Is Memorization a Necessary Skill Anymore?

In school, memorization was the key to success.  I needed to memorize the states and their capitals so that I could accurately label them on a blank map.  I needed to memorize my spelling words so that I could spell them correctly.  I needed to memorize the parts of a cell so that I could label a diagram.  I’m still wondering when I will need to recall this information.  While being knowledgeable is an important life skill, is memorizing stuff necessary?  If I want to know the parts of a cell, I can Google that.  If I need to learn about the states and capitals, I can go online to find the answer.  In this day of instant gratification thanks in part to technology, I wonder if memorization is still a necessary academic skill.  Do our students need to be able to memorize information?  What’s the purpose?

While I do not believe our students need to be able to memorize information, I do know that teachers in other grades expect the students to have that skill under their belt.  Therefore, every year in the sixth grade, we spend a week or so having the students practice the skill of memorization.  We tie it in directly with what the students are learning in their study skills class about the brain and how to effectively prepare for a test or assessment.  This way, they are learning two vital skills at once.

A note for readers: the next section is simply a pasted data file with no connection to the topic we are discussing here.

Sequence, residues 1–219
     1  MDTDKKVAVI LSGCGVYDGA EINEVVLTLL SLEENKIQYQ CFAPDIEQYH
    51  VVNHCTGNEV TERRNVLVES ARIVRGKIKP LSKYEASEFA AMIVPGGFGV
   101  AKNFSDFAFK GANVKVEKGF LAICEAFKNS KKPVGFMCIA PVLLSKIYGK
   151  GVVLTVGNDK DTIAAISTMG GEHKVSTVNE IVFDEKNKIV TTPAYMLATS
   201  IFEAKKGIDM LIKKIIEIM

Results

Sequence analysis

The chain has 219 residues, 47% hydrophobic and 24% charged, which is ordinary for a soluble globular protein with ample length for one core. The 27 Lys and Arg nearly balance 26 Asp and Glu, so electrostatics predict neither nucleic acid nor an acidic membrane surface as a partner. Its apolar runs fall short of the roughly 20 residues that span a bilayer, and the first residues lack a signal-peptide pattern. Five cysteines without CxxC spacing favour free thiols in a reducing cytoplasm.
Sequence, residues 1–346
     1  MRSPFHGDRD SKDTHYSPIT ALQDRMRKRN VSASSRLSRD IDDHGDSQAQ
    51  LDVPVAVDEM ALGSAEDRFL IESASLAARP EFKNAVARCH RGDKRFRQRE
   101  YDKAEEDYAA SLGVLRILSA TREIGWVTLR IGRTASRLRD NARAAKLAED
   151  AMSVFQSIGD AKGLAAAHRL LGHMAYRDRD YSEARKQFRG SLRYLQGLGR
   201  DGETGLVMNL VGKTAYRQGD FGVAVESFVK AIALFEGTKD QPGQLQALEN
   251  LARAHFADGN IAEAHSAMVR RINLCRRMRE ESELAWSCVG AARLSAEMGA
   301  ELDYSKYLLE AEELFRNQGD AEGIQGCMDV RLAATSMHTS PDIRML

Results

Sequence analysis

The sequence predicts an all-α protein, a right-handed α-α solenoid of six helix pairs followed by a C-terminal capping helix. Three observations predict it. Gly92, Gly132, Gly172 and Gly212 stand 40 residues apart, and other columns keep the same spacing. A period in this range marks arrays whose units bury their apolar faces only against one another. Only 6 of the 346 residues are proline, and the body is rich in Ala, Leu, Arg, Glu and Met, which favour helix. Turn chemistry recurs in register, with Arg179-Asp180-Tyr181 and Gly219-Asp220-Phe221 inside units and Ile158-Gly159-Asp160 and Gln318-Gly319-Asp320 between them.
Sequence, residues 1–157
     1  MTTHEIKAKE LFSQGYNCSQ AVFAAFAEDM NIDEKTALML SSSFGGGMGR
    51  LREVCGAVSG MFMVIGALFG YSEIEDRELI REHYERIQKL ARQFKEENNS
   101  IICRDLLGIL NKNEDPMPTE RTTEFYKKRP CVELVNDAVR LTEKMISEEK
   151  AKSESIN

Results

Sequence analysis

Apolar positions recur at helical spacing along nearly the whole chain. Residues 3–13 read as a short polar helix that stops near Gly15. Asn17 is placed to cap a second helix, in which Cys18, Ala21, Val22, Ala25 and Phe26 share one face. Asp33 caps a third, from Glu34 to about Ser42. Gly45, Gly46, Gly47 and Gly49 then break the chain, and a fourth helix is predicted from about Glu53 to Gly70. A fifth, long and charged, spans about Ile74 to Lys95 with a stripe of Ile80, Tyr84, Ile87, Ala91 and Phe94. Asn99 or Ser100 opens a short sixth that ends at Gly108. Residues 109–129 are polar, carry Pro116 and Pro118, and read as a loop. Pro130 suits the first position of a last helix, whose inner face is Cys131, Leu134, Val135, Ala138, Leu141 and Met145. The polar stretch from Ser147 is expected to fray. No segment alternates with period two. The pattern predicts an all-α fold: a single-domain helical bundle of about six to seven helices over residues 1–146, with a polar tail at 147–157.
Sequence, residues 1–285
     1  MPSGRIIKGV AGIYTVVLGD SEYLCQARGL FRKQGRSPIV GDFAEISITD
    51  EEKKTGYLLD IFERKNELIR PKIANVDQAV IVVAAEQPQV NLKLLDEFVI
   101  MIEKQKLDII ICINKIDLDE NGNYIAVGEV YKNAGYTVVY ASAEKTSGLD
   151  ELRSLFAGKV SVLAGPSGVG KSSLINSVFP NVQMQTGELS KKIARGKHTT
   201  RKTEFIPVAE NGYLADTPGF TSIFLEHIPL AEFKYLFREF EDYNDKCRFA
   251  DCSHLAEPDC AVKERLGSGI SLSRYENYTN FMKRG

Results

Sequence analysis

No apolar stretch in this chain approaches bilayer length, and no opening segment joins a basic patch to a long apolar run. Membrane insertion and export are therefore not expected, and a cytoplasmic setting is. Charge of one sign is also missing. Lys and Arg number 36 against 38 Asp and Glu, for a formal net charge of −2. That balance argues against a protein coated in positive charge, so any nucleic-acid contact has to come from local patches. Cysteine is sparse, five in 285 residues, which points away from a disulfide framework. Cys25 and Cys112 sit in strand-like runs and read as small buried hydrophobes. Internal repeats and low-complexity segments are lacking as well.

Today in Humanities class, the students reviewed the counties of NH to practice for Tuesday’s test.  We discussed some memorization strategies with the students today before they began reviewing and working on their BRAIN (Break it Down, Review and Repeat, Active Learning, Information Search, Never Give Up) Plan.  We talked about chunking the material, creating associations with the content being learned, and repetition.  The students then utilized a memorization strategy to practice preparing for Tuesday’s test on the 10 counties of NH.

Not only are they learning the skill of memorization, they are also learning how to effectively prepare for a test.  While we don’t have many formal tests in the sixth grade, they will see numerous tests in their future.  Knowing how to prepare successfully for assessments and being aware of what strategies work best for them is important.  They will be one-step ahead of other students who did not have this opportunity.  So, while I don’t feel that we need to be teaching the skill of memorization anymore in schools, I know what some of my colleagues expect of students in the higher grades.  Rather than ignore that information, I want to support and prepare my students the best way possible.


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